3,000 Texans Might Die Without Medicaid Expansion, Study Says
The good news is, you don't need health care when you're dead.
Scott Beale/Laughing Squid
The folly of Texas Governor Rick Perry's decision to opt out of Obamacare's Medicaid expansion has been well-documented. Billions in federal funds are off the table. More than a million poor adults won't have access to health coverage. Texas businesses will wind up paying an estimated $400 million in tax penalties.
Useful numbers, but none really capture the human toll of Perry's decision. A better figure for that purpose is 3,035, as in the number of people who will die as a result of Texas' refusal to expand Medicaid.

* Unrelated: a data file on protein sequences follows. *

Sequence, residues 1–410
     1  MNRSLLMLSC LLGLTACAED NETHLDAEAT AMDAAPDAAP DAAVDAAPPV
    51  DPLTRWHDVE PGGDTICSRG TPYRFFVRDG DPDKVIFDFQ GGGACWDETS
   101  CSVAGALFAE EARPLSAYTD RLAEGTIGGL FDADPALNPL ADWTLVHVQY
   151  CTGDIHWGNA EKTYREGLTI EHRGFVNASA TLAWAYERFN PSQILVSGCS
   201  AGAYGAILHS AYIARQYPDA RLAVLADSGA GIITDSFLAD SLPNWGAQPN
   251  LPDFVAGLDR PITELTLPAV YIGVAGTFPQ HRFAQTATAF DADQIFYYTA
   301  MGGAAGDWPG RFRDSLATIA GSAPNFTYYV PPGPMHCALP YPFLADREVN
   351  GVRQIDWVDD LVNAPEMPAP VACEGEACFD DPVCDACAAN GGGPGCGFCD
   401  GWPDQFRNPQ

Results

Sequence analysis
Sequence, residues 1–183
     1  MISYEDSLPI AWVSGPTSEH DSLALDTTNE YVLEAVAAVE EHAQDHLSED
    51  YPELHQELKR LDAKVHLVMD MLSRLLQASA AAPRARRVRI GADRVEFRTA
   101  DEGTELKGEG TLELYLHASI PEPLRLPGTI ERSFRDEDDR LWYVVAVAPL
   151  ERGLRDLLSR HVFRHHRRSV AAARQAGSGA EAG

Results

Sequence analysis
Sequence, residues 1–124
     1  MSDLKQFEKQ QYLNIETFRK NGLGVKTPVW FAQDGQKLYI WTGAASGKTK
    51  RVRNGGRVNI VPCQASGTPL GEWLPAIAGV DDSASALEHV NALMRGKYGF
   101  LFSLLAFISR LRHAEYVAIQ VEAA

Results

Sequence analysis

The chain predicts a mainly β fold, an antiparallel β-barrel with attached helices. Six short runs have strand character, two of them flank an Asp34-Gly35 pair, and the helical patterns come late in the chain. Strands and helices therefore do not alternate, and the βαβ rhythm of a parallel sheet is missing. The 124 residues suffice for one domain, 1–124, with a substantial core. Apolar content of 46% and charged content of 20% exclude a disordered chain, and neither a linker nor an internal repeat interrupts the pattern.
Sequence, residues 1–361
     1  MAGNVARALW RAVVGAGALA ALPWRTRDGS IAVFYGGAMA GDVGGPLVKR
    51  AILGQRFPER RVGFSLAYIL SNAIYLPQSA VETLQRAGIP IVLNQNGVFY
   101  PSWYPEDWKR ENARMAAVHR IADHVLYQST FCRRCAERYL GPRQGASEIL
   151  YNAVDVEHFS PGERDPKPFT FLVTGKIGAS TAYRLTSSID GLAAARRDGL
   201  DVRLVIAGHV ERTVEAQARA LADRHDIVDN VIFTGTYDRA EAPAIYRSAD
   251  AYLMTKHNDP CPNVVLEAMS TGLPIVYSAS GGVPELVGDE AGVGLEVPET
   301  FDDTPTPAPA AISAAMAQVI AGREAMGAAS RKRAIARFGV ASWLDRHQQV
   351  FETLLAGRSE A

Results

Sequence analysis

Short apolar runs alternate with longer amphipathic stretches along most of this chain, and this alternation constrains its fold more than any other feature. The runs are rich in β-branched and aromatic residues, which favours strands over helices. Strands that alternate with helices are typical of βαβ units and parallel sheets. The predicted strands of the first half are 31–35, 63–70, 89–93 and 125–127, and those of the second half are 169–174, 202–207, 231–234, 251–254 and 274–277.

That's the worst-case scenario predicted in an article published Thursday by researchers at Harvard Medical School and CUNY School of Public Health. Best case, it'll be 1,840.
Even for those who don't die, the outcome won't be good. The researchers predict that 184,192 Texans suffering from depression will go undiagnosed, 109,307 diabetics won't get medication, 40,562 women won't get mammograms and 62,610 uninsured individuals will have catastrophic medical expenditures.
But states' rights and all that.
Send your story tips to the author, Eric Nicholson.
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